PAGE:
Many alarm monitoring companies do not enable automatic communication testing or they charge a (usually) modest extra fee for it, so make sure you check with your alarm monitoring company. Ideally, your system will perform an automatic test daily, but minimally it should check test for communication weekly. Additionally, should check your system provider’s alarm service contract and understand how many inspections may be included in your annual program. You’ll also want to know what fees, if any, will be charged for more frequent alarm system inspections.

The Ultimate (and Most Important) Test

Testing your central station communications during an actual alarm simulation is critical, but it may require only quarterly testing. The first step to testing your system in this manner will be to call your alarm company and notify them you will be testing the system for signals. This is important: Your alarm company must be made aware that you will be running these tests so that they disregard any signals received and don’t dispatch police. Here’s the procedure:

  1. Have your customer number (or address) and passcode to your account ready to provide to your alarm company before your phone call.
  2. Let the representative know that you are requesting to place your system into test mode. This will notify the monitoring station to disregard any signals received while you are conducting the test. Customers can set the test mode to expire automatically at a specified time. NOTE: If you have additional anti-burglary systems or technology installed and integrated with your burglar alarm system, such as a fogger or pepper spray, be sure you deactivate or disarm that system before proceeding.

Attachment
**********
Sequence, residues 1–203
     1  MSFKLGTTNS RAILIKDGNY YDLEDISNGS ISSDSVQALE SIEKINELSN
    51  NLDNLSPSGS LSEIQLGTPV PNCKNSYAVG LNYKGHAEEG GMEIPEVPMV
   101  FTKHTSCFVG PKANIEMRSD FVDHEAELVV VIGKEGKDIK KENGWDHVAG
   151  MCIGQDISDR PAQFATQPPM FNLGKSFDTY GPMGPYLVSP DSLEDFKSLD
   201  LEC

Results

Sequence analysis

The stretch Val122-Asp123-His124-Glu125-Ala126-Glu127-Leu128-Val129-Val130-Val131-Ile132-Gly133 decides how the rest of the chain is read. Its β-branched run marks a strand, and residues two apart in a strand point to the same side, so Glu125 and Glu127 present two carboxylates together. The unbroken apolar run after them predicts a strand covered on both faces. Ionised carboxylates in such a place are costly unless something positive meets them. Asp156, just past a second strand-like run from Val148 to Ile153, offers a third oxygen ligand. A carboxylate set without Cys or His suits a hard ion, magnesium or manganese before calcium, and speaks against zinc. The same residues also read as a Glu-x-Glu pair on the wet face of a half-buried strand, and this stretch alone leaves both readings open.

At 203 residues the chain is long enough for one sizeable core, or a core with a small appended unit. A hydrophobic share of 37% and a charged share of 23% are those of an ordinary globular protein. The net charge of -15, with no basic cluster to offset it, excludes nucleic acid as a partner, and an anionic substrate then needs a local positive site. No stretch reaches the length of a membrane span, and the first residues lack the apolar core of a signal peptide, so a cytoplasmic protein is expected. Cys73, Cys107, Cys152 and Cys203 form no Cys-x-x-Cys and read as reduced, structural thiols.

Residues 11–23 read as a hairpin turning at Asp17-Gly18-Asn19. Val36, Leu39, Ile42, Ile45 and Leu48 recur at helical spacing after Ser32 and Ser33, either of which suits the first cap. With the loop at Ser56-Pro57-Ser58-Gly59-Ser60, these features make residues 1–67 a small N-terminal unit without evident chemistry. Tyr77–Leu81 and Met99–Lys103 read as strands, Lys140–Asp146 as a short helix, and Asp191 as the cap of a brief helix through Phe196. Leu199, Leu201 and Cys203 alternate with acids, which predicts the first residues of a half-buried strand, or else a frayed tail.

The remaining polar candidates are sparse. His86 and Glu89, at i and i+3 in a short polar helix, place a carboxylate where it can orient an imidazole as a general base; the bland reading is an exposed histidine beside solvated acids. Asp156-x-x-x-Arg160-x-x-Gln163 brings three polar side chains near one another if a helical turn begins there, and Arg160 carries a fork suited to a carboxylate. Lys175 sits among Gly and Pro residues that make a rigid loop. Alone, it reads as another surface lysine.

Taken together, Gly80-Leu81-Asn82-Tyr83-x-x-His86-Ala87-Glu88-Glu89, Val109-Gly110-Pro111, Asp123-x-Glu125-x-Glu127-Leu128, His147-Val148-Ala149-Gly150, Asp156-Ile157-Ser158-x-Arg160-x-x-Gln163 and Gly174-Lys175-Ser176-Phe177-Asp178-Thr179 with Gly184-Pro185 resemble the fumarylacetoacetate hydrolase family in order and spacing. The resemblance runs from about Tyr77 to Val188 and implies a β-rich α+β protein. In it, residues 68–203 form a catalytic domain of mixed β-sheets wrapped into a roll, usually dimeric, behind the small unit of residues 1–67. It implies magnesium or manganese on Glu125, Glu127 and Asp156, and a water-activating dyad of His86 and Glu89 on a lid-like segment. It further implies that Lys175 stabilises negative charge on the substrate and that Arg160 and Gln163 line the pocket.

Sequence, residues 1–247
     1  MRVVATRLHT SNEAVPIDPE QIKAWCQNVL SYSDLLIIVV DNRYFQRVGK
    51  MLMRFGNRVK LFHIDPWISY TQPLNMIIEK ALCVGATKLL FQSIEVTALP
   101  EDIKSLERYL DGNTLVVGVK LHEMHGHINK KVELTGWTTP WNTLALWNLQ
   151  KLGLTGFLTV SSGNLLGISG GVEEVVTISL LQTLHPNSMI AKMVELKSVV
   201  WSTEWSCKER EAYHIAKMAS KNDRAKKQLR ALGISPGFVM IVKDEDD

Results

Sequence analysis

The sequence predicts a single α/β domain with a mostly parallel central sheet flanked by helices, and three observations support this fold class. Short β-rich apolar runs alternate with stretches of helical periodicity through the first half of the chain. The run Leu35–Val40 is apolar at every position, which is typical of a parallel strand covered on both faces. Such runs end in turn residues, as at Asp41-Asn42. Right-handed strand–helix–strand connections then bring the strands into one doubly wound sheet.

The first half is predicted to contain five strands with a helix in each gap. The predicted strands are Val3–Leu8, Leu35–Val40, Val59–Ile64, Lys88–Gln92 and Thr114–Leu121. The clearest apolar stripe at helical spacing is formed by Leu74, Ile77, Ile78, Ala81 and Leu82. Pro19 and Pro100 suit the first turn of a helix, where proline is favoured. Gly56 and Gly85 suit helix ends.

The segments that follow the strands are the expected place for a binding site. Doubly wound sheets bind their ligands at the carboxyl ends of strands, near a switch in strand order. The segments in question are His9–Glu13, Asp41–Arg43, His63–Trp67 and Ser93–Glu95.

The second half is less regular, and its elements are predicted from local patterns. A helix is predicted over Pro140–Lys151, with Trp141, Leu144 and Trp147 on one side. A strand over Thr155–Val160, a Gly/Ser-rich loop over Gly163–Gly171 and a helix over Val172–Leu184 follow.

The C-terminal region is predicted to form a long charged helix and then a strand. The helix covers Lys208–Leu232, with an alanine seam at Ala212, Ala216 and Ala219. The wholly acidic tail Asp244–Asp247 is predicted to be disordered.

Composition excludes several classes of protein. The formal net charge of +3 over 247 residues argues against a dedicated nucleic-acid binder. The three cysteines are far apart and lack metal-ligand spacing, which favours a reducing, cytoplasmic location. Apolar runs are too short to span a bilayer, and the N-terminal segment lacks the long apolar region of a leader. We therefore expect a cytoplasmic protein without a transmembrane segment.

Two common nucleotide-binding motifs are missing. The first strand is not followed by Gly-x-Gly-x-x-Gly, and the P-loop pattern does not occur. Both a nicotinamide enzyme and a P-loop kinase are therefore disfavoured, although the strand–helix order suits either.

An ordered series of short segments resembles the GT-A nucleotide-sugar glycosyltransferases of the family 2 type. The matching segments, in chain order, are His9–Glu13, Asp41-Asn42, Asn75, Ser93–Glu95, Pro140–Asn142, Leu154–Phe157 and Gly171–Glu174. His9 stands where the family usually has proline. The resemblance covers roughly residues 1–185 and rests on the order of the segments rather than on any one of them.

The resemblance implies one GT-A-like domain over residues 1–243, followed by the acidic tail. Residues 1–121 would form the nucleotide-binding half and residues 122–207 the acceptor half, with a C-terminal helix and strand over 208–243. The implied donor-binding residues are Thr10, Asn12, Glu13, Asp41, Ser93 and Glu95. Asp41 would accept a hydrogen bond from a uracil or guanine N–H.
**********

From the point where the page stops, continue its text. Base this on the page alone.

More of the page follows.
3. Arm your system as you normally do.
  4. Purposely trigger your alarm by opening a door or moving through a motion sensor and allow the alarm to go off for at least 30 seconds. This should also activate any interior sirens or strobes that are part of your system.
  5. The monitoring station will receive and record your account’s event history and should be able to see signals of your alarm being triggered, as well as where on the property they were triggered, if your system is working properly. If that history as viewed by you is inaccurate — you set off the front door sensor, but the alarm company received an alert for a different area — request their service department resolve the issue as quickly as possible.

NSSF’s Store Security Audit team is standing by to assist you with any physical or operational security issue you may have. For more information, visit the Retailer section of NSSF also partners with a variety of security vendors that often provide significant discounts on their products and services to NSSF Members. Log in to the Members-only side of to learn more.

About the Author
John Bocker is an NSSF Security Consultant Team Member and the Managing Director at JB Group, LLC, based in Denver, Colorado. JB Group is a business security and strategy consulting organization specializing in ATF FFL compliance and protecting FFL’s against unexpected losses resulting from burglary, robbery and internal control failures. Visit or call 720-514-0609 for more information.

You may also be interested in: Setting Up Your Master Key Locking System